YDATL Blog NOTE: The opinions expressed by our individual bloggers are their own, and not necessarily those of Young Democrats of Atlanta.
Wednesday, May 09, 2007
Today, I read the weekly commentary of Lou Dobbs on CNN and found it rather interesting. Before you start to wonder if Allison has lost her mind, I typically read his weekly commentary to see what he has decided to whine about this week. I do not necessarily agree with him, but he seems to have an influence over the middle class and determines which issues are important to them. A recent example comes to mind - immigration. Yes, there have been rumblings for a while over the issue of illegal immigration, but there was certainly a correlation between his rants and public opinion. But I’m not here to discuss Lou Dobbs’ vociferous view of whether or not we have broken borders and the problems that allegedly come from the mass immigration from the South. I want to discuss his recent article, “A Call to the Faithful.”
This article begins by describing the continuing encroachment of religious beliefs in national politics, and then it devolves into an immigration rant, as usual. What I thought would be the overarching theme of Separation of Church and State is what caught my attention, as well as a particular quote. Lou begins by saying that Protestant and Catholic churches are putting pressure on the political system and influencing their congregation’s views with threats of Hell. This time, churches are standing on the other side of the mainstream Republican Platform, and Dobbs, on the issue of immigration. As an example, Dobbs mentions the head of the Los Angeles Archdiocese, Cardinal Rogers Mahoney, who is quoted as saying, “Anything that tears down one group of people or one person, anything that is a negative in our community, disqualifies us from being part of the eternal city.”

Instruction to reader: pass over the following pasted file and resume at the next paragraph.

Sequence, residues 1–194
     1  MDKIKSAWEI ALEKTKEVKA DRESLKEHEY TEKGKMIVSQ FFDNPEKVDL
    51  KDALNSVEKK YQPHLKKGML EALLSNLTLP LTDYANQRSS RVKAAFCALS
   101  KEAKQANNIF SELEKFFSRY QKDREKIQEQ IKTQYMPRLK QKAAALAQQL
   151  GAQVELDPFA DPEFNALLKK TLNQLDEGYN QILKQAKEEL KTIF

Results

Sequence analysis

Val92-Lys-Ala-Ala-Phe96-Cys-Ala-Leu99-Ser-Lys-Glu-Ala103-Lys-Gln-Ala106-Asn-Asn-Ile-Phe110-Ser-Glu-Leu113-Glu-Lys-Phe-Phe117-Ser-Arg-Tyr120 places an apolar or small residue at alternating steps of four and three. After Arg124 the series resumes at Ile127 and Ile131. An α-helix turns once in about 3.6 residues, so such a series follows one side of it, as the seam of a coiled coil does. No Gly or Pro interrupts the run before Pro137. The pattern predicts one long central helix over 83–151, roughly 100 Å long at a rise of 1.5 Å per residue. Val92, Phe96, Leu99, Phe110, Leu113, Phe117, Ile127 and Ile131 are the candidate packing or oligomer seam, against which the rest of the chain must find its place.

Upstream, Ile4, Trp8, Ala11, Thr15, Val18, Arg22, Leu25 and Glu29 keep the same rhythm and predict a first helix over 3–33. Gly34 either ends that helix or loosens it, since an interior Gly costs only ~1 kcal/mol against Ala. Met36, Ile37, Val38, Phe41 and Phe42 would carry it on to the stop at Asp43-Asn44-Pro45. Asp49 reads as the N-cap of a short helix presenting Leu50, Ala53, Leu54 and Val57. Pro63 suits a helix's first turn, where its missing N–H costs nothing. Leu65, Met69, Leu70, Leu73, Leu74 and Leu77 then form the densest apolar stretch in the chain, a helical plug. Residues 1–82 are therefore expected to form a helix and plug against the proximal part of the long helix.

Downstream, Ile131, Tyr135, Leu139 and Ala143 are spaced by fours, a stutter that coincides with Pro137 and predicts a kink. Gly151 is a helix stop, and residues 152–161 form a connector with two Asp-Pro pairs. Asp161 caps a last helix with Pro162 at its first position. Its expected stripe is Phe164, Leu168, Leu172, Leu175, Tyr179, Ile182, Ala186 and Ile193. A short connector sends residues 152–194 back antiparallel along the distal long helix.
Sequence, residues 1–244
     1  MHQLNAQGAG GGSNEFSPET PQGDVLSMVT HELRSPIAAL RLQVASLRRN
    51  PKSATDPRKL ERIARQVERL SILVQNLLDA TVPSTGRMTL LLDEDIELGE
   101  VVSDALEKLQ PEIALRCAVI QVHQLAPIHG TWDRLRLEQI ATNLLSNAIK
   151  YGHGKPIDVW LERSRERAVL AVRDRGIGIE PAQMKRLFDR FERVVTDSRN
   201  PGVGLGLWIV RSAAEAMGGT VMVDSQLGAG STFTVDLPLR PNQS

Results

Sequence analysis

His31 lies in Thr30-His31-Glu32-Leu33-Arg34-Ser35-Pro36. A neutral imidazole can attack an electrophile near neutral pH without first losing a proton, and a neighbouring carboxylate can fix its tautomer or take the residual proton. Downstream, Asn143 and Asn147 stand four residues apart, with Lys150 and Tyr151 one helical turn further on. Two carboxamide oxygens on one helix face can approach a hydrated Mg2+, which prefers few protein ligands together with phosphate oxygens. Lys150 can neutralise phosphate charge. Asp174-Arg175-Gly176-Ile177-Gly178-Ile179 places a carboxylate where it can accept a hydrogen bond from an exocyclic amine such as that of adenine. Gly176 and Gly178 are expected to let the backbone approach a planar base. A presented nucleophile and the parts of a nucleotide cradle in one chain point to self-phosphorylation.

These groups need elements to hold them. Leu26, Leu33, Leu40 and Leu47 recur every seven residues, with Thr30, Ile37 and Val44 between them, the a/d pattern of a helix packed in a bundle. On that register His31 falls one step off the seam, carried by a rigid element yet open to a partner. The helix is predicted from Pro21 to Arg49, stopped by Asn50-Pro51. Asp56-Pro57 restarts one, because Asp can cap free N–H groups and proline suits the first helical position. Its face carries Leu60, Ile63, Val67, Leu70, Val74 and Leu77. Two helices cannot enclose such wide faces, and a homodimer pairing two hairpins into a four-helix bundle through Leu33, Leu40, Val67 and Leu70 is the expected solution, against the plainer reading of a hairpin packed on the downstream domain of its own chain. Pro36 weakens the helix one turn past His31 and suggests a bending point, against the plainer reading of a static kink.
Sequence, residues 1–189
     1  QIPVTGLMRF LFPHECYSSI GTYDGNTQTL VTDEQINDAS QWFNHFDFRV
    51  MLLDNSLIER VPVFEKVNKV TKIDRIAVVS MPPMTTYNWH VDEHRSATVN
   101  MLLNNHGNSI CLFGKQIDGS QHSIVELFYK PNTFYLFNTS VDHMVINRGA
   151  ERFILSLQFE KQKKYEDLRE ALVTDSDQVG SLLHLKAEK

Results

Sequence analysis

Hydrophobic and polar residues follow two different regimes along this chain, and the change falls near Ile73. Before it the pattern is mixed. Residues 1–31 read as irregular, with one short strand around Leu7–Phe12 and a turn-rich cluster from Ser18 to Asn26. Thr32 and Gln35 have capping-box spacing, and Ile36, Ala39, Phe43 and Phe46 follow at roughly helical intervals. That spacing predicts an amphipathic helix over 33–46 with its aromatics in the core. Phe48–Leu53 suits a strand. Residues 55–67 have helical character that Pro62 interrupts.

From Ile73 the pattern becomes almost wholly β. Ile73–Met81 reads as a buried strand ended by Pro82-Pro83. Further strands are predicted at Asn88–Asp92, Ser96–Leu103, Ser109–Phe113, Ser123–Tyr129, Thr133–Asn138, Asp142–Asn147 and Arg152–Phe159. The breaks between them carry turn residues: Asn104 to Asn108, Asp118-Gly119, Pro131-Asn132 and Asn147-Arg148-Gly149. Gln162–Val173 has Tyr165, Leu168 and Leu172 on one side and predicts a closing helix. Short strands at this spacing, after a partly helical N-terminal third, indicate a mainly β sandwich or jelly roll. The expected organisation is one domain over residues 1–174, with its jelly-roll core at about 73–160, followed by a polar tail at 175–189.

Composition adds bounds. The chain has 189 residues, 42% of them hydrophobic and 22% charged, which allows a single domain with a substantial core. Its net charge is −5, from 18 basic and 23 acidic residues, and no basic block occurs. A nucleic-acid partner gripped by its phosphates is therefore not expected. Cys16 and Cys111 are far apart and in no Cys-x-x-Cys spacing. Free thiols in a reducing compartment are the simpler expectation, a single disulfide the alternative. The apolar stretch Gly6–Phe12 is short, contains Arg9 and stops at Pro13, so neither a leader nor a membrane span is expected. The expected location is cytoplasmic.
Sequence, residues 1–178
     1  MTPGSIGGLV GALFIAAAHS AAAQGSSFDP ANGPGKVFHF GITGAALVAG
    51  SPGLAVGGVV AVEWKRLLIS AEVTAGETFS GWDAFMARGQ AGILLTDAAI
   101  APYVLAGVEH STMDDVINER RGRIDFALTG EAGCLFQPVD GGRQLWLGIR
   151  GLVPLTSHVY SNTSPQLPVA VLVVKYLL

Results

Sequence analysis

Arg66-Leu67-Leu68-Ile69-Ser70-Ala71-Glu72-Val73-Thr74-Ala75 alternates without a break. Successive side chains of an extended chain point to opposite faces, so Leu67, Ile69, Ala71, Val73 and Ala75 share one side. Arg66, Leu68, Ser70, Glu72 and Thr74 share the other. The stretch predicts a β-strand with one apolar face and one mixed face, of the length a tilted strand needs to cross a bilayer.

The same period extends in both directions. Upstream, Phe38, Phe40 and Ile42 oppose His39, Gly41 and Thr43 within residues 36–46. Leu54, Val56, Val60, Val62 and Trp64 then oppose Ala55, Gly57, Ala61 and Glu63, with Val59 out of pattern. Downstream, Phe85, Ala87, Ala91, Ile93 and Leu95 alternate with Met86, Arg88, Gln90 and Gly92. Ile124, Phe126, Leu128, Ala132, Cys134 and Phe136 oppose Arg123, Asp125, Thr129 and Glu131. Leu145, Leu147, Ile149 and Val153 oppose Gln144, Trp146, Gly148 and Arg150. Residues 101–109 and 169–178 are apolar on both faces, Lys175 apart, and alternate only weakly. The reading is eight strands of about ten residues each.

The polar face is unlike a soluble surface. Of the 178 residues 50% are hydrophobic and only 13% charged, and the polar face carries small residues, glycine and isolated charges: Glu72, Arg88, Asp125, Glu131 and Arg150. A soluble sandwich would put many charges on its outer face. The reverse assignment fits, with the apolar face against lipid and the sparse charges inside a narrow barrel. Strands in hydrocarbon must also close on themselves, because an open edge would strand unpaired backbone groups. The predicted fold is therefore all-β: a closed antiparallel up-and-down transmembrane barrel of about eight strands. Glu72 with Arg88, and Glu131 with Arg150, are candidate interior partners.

(Imagine the sound of Vinyl being scratched on a record player, as you make the Scooby-Doo head shake noise)
I have to pause for a second and re-read the quote. Yep, it says what I thought it said. I knew churches were on the amnesty side of immigration, and traditionally speaking, they should be. Churches have always been a place of sanctuary. However, let’s examine the quote; Cardinal Mahoney wants the Church to be inclusive of all groups of people or risk going to Hell. Ok, I get it – I love the quote (except for the threat of Hell), it is loving, caring, and christianly, right? It is essentially a derivative of the Golden Rule, and who doesn’t love the Golden Rule? However, what if we removed the group in question, illegal immigrants, and replaced them with, let’s say, the LBGT Community? Will the belief behind the quote above still be applicable? It depends on the church, but most probably would not extend the sentiment to that oppressed group.
Seems contradictory, doesn’t it? Lou Dobbs finishes off his commentary by pointing out the contradictory nature of the Christian belief system regarding immigration by mentioning Romans 13, a passage addressing the role of a government and that it should be followed (Of course, I completely disagree with the use and character of this passage). Perhaps, since Lou Dobbs is so concerned about the incongruous nature of religion and the ever dwindling separation of Church and State, we can coax him to point out the inconsistency in the support for immigrants and non-support for the LBGT Community and complain as effectively on the issue of Church/State as he does immigration. Maybe that will change some minds.